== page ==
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A Net Promoter Score measures whether or not your users will recommend your site or service. It's not simply a yes or no question. Rather, a 0-10 scale of their likelihood to recommend your site.

Does improving your NPS correlate to improvements in other business metrics?

Category: Getting Started Guide
The short answer is Yes.  The depth, degree and frequency to the correlation however is what can vary dramatically between companies.

How is it Correlated?

Business Metrics Rising In it's simplest form, Net Promoter Score is a "Customer Happiness" metric.  If your NPS increases it generally means that your customer base is happier and this will engage more with your product.  This increased engagement may be measured as MAU (Monthly Active Users), Installs, Purchases, etc. If you use NPS to understand your customer base, rather then as a vanity metric (see article: Is NPS a Vanity Metric?) then you will learn what your customers do not like or get frustrated with about your product or service.  As you repair these breakages or release new features that improve upon these frustrations your user base as a whole will benefit.  This increased happiness (increase in NPS score) will result in your users doing more, purchasing more, etc.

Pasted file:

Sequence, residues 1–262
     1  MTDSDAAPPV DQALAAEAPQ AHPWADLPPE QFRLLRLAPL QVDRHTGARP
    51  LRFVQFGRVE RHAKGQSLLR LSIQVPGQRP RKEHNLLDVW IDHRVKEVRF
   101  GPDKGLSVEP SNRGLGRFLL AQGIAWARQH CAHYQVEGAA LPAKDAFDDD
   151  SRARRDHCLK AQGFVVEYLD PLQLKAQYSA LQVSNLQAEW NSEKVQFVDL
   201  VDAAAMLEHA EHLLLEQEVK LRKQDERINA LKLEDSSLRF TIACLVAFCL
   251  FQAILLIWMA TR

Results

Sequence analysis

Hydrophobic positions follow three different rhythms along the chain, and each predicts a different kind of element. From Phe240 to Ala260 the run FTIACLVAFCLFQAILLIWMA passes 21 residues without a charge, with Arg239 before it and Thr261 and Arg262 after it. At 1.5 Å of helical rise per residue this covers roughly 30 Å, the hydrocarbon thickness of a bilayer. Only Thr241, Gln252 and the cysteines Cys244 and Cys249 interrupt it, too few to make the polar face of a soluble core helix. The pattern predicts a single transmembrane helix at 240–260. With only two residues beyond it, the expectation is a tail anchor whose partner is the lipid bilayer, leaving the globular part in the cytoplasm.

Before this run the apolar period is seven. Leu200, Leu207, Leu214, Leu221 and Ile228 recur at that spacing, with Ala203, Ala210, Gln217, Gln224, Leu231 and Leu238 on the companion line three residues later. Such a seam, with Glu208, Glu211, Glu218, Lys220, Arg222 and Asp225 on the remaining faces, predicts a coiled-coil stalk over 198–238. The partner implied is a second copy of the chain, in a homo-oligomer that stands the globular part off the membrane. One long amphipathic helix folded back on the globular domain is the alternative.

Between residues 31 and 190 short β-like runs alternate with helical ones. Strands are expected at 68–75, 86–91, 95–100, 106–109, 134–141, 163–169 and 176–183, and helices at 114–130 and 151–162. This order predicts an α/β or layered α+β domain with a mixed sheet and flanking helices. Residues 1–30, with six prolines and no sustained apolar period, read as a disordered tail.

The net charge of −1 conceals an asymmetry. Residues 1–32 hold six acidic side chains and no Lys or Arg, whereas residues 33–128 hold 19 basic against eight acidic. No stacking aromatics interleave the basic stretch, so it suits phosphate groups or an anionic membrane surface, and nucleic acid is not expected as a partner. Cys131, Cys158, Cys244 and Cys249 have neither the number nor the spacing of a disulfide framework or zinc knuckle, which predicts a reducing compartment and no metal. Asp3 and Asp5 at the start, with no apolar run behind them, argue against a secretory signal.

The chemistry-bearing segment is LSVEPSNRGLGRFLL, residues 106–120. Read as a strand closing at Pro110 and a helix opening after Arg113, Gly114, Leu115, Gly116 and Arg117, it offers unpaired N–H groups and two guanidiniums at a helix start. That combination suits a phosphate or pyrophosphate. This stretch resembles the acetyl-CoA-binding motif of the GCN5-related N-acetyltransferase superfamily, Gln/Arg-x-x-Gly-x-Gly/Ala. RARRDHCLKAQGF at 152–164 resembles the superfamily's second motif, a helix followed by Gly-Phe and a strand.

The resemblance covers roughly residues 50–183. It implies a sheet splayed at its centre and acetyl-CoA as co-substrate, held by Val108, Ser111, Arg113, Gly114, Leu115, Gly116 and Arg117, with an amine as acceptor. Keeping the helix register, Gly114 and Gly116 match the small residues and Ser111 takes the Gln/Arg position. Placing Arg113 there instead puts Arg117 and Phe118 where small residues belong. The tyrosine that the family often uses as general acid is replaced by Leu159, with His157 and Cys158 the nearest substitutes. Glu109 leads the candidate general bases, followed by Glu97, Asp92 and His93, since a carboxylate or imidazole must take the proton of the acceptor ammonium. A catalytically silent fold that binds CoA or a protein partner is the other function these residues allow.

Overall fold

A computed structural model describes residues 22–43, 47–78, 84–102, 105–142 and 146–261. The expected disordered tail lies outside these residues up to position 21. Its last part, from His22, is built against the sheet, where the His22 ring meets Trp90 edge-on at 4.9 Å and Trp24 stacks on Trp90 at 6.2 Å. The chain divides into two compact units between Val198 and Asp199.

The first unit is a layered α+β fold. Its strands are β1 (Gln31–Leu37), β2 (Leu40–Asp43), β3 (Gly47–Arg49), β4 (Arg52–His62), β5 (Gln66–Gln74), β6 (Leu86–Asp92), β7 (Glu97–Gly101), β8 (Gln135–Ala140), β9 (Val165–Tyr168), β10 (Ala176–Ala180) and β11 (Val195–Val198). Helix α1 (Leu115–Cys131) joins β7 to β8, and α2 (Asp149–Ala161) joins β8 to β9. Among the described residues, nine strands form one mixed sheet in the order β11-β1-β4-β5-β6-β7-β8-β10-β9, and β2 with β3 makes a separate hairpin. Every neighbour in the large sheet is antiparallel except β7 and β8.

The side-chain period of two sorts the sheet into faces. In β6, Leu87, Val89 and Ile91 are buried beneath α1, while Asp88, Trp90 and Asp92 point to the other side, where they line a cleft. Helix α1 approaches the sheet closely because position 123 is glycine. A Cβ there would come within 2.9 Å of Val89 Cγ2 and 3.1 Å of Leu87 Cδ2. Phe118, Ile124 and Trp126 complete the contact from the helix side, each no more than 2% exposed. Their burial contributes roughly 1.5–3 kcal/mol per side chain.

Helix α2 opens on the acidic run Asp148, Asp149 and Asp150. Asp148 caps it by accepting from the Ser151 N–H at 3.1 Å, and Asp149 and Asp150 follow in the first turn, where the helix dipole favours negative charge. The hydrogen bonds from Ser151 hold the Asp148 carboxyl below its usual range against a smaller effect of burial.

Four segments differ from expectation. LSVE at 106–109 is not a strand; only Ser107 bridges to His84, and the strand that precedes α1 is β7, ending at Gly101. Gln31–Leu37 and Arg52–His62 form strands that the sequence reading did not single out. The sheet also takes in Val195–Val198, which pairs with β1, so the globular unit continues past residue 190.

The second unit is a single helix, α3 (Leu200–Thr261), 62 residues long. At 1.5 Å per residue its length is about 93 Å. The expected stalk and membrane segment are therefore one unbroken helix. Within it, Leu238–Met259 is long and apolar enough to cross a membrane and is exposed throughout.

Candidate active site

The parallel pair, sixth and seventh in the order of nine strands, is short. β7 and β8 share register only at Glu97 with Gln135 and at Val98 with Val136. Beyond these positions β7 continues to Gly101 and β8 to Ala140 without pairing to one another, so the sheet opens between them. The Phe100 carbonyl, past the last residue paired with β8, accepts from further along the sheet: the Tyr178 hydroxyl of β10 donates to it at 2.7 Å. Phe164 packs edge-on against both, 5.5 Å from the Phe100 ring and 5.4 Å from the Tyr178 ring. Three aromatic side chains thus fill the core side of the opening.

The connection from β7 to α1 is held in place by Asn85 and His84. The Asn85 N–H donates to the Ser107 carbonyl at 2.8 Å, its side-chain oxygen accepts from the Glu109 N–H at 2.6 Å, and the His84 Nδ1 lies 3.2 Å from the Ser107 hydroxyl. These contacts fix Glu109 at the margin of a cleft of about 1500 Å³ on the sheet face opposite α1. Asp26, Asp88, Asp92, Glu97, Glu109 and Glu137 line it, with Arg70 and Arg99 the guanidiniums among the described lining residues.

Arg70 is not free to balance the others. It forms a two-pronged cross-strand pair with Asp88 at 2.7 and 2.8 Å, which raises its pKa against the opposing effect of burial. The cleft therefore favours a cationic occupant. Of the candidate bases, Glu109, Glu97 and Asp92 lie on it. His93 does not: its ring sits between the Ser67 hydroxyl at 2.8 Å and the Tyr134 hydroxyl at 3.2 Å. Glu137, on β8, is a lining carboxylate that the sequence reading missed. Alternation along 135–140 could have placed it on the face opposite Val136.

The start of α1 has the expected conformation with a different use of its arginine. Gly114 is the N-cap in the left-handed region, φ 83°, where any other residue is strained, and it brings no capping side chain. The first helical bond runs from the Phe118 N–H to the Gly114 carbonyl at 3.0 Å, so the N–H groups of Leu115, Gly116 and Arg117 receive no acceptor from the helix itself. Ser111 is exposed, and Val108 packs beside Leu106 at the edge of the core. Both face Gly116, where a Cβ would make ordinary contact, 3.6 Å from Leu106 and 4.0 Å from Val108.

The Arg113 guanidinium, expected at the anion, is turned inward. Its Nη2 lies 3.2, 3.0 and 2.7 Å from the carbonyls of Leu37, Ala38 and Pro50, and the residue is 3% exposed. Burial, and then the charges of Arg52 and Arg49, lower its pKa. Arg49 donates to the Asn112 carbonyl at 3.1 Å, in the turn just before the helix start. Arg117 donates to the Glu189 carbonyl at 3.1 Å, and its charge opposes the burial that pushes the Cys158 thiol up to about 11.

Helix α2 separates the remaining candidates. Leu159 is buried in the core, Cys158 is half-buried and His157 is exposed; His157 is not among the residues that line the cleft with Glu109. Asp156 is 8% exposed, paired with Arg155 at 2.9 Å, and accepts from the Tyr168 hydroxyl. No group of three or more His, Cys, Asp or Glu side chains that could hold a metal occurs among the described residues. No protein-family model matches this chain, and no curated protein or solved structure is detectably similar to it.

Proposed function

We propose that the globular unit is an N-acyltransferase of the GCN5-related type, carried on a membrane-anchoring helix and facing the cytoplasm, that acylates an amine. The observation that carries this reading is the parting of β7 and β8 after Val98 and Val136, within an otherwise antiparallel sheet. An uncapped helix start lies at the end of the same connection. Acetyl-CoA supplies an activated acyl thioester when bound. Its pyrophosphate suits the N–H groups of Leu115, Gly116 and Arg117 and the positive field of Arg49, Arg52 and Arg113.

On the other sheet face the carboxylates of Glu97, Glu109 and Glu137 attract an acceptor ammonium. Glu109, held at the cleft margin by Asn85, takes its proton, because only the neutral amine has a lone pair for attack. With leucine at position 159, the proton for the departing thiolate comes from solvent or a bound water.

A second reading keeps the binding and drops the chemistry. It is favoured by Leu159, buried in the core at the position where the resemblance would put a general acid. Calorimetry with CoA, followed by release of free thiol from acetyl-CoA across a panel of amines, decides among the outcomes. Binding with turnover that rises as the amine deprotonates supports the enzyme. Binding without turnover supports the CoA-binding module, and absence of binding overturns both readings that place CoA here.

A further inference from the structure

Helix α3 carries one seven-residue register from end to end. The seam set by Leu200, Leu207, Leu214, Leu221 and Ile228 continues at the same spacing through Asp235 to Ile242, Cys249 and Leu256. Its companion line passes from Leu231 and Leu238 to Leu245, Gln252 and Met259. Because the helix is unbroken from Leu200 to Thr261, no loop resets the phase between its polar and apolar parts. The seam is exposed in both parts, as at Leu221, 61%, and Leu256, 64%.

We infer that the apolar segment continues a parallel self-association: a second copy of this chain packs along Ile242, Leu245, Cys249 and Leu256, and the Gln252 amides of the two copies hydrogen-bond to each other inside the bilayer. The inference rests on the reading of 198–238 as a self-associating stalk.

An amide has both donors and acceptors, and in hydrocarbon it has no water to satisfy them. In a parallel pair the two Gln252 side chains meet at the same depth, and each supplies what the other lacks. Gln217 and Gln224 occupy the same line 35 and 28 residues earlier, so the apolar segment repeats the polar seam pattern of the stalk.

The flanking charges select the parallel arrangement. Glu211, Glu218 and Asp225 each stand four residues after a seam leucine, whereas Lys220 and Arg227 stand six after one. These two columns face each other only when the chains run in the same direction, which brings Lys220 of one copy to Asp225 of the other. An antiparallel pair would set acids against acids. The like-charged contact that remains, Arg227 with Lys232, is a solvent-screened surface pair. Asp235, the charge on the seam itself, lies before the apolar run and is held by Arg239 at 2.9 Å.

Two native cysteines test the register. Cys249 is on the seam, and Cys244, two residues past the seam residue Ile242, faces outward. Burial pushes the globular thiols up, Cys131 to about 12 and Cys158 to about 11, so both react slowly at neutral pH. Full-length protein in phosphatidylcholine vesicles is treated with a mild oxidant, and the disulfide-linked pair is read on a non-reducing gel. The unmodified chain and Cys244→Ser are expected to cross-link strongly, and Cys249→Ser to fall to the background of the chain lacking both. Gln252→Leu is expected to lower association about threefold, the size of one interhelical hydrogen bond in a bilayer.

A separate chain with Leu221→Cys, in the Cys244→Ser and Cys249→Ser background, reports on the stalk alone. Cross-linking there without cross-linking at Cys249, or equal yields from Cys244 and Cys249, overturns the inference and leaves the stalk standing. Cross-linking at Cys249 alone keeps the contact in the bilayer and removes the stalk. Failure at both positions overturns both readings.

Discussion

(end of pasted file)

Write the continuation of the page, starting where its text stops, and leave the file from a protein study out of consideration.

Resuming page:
How is it not Correlated?

There is no guaranteed math equation behind the correlation.  If your NPS score increases by 10 points this will not guarantee a 10% increase in sales or 10 basis points in your bottom line, etc. It is also important to understand that every time your NPS improves there is no guarantee that you will even see a critical business metric improve.  Sometimes the NPS score may have been dragged down by a bug or breakage that actually does not affect installs, purchases or other such metrics.  This is not often the case but occasionally you will run into NPS increases that do not result in business critical stats improving.

So how should NPS be used?

How then do you use NPS data compared with Install, Revenue or other critical business stats.  The answer is that you use it to measure your improvements and understand your customers.  If by some fluke your company makes enough money and you don't care about customer opinion then you don't really need NPS.  99% of us out there though are not in this boat.  NPS is a complimentary business statistic that should be understood and watched along with Install, Revenue and other critical stats. When you are planning your yearly or quarterly goals you might have goals that look like, "Increase installs by 5%" or "Increase revenue per player by 10%" and so forth.  A great yearly or quarterly goal to compliment the overall strategy is to have a goal that focuses around NPS.  An example would be to increase the 7 Day average NPS score by "5 points".  This type of goal empowers your team to understand the customers and drive new fixes and features towards making the product a better experience.  When customers engage more in your product your other critical business metrics will increase as well.


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